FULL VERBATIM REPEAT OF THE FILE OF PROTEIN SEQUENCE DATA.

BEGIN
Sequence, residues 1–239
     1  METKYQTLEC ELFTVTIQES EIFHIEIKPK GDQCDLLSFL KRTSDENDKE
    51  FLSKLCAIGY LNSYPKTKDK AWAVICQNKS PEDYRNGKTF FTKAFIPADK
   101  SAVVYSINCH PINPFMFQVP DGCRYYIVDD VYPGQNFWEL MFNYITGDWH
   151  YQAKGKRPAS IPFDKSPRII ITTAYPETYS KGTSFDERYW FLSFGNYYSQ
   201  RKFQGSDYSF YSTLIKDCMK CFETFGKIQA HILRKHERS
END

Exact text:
Sequence, residues 1–239
     1  METKYQTLEC ELFTVTIQES EIFHIEIKPK GDQCDLLSFL KRTSDENDKE
    51  FLSKLCAIGY LNSYPKTKDK AWAVICQNKS PEDYRNGKTF FTKAFIPADK
   101  SAVVYSINCH PINPFMFQVP DGCRYYIVDD VYPGQNFWEL MFNYITGDWH
   151  YQAKGKRPAS IPFDKSPRII ITTAYPETYS KGTSFDERYW FLSFGNYYSQ
   201  RKFQGSDYSF YSTLIKDCMK CFETFGKIQA HILRKHERS